“On the completions side for 2015, we’ve seen $80 million in effectiveness and efficiency savings because of standardization work,” Tischler says. “Almost 50 percent of the cost savings this year come from efficiency improvements—and they’re sustainable.”

Providing another example of how lean has benefited Hess, Tischler says that in early 2012, the company spent an average of $13.4 million to drill and complete a well in the Bakken. Those costs have since come down to $6.8 million per well, and continue to decrease, according to Tischler.

“For those improvements, there is no magic wand,” Schoonman stresses. “We look at how the individual well is being drilled, how it’s being completed and every single piece.  The people who run the rigs themselves determine how they can make each step of the process more efficient and more effective while using less time to carry out a particular activity. When you go through the entire assembly line of a well, you make it better every single time.”

And that, says Schoonman, has led to accomplishments that can’t simply be discarded because of a downturn in oil prices.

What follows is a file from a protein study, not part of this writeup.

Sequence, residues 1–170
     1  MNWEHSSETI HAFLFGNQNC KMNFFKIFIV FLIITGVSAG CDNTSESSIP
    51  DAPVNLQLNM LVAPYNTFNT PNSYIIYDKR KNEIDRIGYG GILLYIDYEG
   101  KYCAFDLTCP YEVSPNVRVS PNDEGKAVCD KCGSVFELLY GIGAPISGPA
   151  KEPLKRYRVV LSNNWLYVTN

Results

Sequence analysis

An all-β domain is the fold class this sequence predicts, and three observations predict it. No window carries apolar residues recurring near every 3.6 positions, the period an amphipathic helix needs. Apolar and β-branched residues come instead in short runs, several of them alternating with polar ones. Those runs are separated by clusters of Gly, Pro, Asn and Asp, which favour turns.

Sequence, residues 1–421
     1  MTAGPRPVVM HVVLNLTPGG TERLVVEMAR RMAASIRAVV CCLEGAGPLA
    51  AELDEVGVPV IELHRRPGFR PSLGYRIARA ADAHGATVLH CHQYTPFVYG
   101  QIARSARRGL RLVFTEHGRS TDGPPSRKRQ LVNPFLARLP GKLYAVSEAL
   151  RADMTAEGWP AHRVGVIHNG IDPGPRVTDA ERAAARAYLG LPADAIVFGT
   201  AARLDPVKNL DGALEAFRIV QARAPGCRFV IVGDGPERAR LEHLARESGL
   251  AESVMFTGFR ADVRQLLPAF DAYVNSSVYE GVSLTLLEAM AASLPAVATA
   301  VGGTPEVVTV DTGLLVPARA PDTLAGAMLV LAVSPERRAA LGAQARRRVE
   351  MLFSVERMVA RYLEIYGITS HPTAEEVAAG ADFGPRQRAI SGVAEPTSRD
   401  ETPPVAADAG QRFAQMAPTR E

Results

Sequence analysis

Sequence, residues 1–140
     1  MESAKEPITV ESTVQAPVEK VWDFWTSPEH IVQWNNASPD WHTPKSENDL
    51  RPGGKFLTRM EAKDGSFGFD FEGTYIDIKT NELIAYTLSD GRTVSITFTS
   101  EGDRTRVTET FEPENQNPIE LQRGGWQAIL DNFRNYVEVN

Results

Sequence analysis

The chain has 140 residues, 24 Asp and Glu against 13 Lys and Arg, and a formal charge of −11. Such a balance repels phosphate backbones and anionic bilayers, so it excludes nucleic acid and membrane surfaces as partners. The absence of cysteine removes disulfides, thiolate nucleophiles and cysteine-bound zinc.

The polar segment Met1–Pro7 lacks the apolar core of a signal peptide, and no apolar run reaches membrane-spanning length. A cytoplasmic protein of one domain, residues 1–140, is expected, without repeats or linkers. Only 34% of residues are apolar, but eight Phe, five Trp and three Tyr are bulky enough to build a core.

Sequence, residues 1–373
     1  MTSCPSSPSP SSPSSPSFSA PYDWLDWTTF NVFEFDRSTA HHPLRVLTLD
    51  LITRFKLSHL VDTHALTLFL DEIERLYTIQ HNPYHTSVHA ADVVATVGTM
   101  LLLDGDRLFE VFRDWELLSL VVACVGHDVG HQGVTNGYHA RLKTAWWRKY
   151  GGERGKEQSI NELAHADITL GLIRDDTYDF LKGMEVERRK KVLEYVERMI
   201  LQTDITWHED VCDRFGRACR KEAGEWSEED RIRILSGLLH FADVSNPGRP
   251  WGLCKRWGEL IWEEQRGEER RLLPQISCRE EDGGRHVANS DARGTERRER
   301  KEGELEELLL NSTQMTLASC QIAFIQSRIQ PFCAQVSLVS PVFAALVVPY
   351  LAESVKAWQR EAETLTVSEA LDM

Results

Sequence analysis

“We wanted to make sure that we preserve the lean capability that we’ve built up in all of our employees,” he says. “This is not something that comes all of a sudden. We spent the last four or five years training, educating and honing those skills in all of our employees. The last thing that you want is suddenly losing all those skills and capabilities.”

Knowing that the oil and gas industry is cyclic and that it’s a matter of time before crude prices trend upward, Schoonman says Hess plans to be in a position to capitalize on what it’s built in the Bakken.

“We want to make sure that we are immediately ready to pick up our activity levels and maintain those efficiency gains that we fought so hard for,” he explains. “I don’t want to go back to wells that take 35 to 40 days to complete. I can’t afford that. The wells will need to be at the same performance level we’re drilling and completing right now.”